The unintended consequences of inconsistent pandemic control policies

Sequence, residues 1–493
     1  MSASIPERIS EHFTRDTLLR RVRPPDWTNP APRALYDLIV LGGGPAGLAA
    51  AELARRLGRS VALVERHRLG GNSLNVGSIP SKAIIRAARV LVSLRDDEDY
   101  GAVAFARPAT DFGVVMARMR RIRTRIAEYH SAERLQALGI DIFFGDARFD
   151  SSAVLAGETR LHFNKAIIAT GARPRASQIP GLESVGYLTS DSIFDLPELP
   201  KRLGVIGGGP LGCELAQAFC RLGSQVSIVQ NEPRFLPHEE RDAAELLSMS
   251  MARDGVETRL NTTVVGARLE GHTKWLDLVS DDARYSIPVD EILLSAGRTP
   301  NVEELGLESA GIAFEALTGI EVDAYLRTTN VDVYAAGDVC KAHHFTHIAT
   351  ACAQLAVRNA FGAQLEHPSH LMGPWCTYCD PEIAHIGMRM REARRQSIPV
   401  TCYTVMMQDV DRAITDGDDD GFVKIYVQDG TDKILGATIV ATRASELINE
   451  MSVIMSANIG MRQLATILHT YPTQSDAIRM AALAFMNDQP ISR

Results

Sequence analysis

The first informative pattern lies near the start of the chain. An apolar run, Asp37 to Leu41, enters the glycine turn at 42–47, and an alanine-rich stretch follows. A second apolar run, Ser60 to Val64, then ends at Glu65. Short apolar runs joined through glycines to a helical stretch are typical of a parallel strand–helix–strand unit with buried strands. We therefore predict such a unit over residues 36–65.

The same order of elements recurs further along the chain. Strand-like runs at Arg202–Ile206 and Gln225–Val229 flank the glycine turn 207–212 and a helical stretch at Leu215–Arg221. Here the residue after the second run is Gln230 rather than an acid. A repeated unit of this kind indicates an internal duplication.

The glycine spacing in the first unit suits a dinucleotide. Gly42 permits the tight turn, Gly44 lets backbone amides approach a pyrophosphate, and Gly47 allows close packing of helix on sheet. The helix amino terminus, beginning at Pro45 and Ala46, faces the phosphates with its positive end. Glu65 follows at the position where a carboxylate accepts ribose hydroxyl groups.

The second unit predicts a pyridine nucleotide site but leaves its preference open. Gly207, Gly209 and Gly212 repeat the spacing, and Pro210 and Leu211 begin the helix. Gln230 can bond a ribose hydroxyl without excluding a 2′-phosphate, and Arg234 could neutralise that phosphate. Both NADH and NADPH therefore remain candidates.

Controlling the spread of COVID-19 — even after a licensed vaccine is available — requires the effective use of nonpharmaceutical interventions, e.g., physical distancing, limits on group sizes, mask wearing, etc.. To date, such interventionshave neither been uniformly nor systematically implemented in most countries. For example, even when under strict stayat-home orders, numerous jurisdictions granted exceptions and/or were in close proximity to locations with entirely differentregulations in place. Here, we investigate the impact of such geographic inconsistencies in epidemic control policies bycoupling search and mobility data to a simple mathematical model of SARS-COV2 transmission. Our results show that whilestay-at-home orders decrease contacts in most areas of the United States of America (US), some specific activities and venuesoften see an increase in attendance. Indeed, over the month of March 2020, between 10 and 30% of churches in the US sawincreases in attendance; even as the total number of visits to churches declined nationally. This heterogeneity, where certainvenues see substantial increases in attendance while others close, suggests that closure can cause individuals to find an openvenue, even if that requires longer-distance travel. And, indeed, the average distance travelled to churches in the US rose by13% over the same period. Strikingly, our mathematical model reveals that, across a broad range of model parameters, partialmeasures can often be worse than no measures at all. In the most severe cases, individuals not complying with policies bytraveling to neighboring jurisdictions can create epidemics when the outbreak would otherwise have been controlled. Takentogether, our data analysis and modelling results highlight the potential unintended consequences of inconsistent epidemiccontrol policies and stress the importance of balancing the societal needs of a population with the risk of an outbreak growinginto a large epidemic.